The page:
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How Far We Have Come

(The Cadet Experience, Class of 2018) Permanent link
Coburn Photo Well, we are four days away from April 1 and we only have 23 school days left of our fourth class year. Everyone told me in the beginning of the school year that the two semesters would go by in a flash, but I had no clue how right they were until this moment. Last night, we had our class formal and it was awesome. The theme was Las Vegas and the place looked incredible. I had a great night of dancing and having fun with my friends, but more importantly our class crest was revealed. It is a big milestone for the fourth class and it makes us realize how far we have come since we arrived on R-Day. Looking back and remembering all that we have accomplished individually and as a class is a great feeling. I also realized how close I have become with my friends here and how close our community is. My company has one more person to pass Boards and then we will be allowed to have social media back! The lacrosse season is going pretty well so far and for an inaugural team that’s not bad at all.


This week was also a big week because we found out our summer assignments. Right after finals end in May, I will be reporting to the Coast Guard Station in South Padre Island, Texas. I am really excited because not only is it a gorgeous area, it also will be conducting some of the missions that I am very interested in. After I leave the station in June, I will be reporting to the Eagle to spend the next six weeks sailing down to Bermuda and then up the East coast. All of my friends are on this phase as well so it is going to be a great time. Really, all I am waiting for now is for the school year to come to a close and for the Class of 2018 to be granted carry on. Let’s hope it is sooner rather than later!


More about Mimi.


Flash Back, Flash Forward

(Just for Fun, The Cadet Experience, Class of 2018) Permanent link
Chang Photo There are screams coming from outside my door… But it’s for a good cause! After all, the academic day is being delayed from all the snow we’re getting. February came and went like the power nap I never have time to take. I guess the top three highlights of this month was 101st night, Presidents’ Day weekend and Boards.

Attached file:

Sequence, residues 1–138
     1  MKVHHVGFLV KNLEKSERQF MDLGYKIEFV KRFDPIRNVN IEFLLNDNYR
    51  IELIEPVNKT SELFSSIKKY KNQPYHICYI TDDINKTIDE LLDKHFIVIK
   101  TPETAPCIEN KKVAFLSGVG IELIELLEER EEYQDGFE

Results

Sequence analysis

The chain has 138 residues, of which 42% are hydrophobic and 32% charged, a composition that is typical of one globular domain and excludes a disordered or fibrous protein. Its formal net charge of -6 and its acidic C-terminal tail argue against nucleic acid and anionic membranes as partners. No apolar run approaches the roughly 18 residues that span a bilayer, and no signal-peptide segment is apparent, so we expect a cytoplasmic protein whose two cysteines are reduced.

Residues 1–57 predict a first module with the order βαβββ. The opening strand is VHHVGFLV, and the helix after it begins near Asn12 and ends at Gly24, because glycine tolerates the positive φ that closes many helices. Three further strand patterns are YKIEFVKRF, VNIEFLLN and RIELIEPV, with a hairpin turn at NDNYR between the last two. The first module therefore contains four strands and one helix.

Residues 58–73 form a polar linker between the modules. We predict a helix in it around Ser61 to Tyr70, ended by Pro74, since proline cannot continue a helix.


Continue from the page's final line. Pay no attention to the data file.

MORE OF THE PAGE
101st night is a fun time; it’s a flashback into Swab Summer, complete with an equal amount of sweat, adrenaline and push-ups. As a company, we run around Chase Hall with our 2/c, being tested on Coast Guard knowledge that we’ll need to know for Boards. As some may have mentioned before, Boards is a 10-question indoctrination exam that entails everything we’ve learned since Swab Summer. This includes everything from the Academy mission to military rates and ranks. I spent the entire Saturday before the test with a couple of friends, with the Boards packet in front of our faces and the oncoming end of 4/c year in the backs of our minds.


Although we had no snow days this month, Presidents’ Day weekend was a small ray of light in this time they call “the dark ages.” That’s right, during the first two months of the year, New London becomes engulfed in a dark, wintry shadow as Jack Frost cackles maniacally at the cadets marching in below-freezing winds. (Fun Fact: The Academy was supposed to be in Florida).


Luckily, I’ll be spending this spring break in Orlando; with two awesome people I’m extremely lucky to call my friends. Not only will it be a chance to get away from the Academy, but a great escape from New England in general. The winter is nice despite the ice, but I’ll take the sun’s rays any day.